AD: We still see some support for the corrupt rulers on major media, social media, and political campaigns against the NPP.
BR: This is to be expected after 75 years of ruling by the two major parties or their coalitions. They own the media as well and have paid propagandists to cook up lies and other false narratives against their opponents. Among these lies are the ones the Opposition Leader Sajith Premadasa is currently circulating saying that if the NPP comes to power, we will take over the private properties of people. Some are also assigning blame for the inhumane acts conducted by the government in the late eighties and early nineties on us as well. And there is a segment of the population who benefitted from the corrupt leaders, and they consume these lies and further propagate them.
AD: Why don’t you and the NPP respond to these false narratives?
BR: Well, we have addressed these at length, and many independent intellectuals, professionals, and artists also have been explaining and answering these fabrications for years. But our resources are limited. Only about 35% of Sri Lankans use the internet. People are not reading the newspapers as they used to due to higher costs and the poor quality and biased nature of the current journalists. We correct these false narratives at our village-level organizations, at larger meetings, and using our policy documents.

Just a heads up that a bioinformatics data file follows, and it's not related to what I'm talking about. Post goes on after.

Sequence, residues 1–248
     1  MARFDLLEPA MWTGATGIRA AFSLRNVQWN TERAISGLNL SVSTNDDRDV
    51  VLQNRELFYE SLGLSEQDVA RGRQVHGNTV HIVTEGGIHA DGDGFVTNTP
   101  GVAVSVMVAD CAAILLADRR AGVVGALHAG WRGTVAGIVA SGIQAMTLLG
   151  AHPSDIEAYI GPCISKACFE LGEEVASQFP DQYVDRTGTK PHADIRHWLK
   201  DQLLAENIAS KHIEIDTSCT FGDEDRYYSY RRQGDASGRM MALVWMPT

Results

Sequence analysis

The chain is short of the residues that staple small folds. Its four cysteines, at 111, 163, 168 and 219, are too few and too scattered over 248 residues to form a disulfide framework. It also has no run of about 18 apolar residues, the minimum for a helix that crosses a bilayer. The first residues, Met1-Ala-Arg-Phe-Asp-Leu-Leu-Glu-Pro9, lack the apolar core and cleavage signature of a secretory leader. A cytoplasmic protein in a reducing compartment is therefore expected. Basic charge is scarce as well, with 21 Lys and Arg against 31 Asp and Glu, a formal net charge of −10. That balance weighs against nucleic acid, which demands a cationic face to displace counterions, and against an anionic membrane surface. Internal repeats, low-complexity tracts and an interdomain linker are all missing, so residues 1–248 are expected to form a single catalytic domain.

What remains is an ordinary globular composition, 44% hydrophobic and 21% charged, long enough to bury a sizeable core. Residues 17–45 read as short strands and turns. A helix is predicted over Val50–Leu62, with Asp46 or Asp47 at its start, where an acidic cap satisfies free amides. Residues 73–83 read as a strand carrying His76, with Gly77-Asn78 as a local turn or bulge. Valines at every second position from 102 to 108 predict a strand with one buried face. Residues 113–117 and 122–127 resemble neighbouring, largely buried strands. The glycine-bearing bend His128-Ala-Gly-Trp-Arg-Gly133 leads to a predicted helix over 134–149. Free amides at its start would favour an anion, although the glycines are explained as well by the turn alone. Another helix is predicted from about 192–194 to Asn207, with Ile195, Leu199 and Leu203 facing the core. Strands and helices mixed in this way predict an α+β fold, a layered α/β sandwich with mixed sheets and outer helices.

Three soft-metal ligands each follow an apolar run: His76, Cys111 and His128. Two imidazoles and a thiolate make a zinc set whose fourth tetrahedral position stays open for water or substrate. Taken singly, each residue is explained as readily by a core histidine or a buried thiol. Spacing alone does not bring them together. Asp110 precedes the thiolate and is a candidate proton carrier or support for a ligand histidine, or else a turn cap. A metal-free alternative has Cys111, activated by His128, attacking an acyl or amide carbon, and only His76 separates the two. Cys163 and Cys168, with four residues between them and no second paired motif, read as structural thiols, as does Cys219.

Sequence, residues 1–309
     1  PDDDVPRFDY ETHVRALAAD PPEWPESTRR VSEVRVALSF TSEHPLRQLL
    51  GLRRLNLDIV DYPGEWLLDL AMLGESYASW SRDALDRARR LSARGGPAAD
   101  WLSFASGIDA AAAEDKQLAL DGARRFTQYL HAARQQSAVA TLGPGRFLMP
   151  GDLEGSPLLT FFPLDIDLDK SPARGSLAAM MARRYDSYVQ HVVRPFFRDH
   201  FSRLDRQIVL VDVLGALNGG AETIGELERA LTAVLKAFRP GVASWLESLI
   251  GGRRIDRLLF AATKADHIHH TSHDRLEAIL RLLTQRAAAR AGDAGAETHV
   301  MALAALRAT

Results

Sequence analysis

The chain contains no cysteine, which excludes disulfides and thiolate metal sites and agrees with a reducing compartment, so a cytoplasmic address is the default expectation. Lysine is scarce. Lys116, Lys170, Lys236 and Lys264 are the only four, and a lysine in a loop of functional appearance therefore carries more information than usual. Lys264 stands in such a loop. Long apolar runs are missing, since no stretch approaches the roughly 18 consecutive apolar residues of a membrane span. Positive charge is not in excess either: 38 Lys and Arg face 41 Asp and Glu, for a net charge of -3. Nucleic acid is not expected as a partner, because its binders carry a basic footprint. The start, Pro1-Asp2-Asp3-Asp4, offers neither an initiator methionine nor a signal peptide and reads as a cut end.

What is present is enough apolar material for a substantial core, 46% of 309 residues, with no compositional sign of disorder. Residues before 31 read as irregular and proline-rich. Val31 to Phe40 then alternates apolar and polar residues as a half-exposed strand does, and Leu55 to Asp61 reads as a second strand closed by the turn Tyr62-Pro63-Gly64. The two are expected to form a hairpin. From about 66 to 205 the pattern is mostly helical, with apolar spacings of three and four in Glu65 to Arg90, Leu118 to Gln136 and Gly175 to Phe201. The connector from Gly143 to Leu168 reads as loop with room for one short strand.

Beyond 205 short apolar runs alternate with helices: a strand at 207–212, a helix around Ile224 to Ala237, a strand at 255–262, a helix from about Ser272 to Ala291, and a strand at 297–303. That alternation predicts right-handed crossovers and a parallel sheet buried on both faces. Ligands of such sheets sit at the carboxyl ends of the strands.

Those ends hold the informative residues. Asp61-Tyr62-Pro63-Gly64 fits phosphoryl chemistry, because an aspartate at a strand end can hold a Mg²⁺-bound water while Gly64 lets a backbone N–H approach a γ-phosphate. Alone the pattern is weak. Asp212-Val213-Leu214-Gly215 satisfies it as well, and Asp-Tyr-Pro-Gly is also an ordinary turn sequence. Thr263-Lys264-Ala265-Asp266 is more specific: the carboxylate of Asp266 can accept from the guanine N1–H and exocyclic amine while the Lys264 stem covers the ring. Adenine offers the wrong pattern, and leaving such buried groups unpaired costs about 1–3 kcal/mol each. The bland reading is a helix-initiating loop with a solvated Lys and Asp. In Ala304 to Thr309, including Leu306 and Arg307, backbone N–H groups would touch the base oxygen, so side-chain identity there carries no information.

AD: If the NPP wins the local government elections when they are held, what are your plans?
BR: We will force parliamentary elections in 2025. President can dissolve the parliament after Feb 2023. He can’t continue to run without a mandate. If we win, we will inherit a troubled country. Our party and the movement are like firefighters. We are trained to face crisis modes. Our policies are sound, our vision is clear, our leadership is collective, and we are building international connections. We have a Rapid Response plan we have outlined. We have public support that is growing.
AD: NPP is also accused of the limited English language skills of your leaders. Will this be a problem when you must deal with the rest of the world?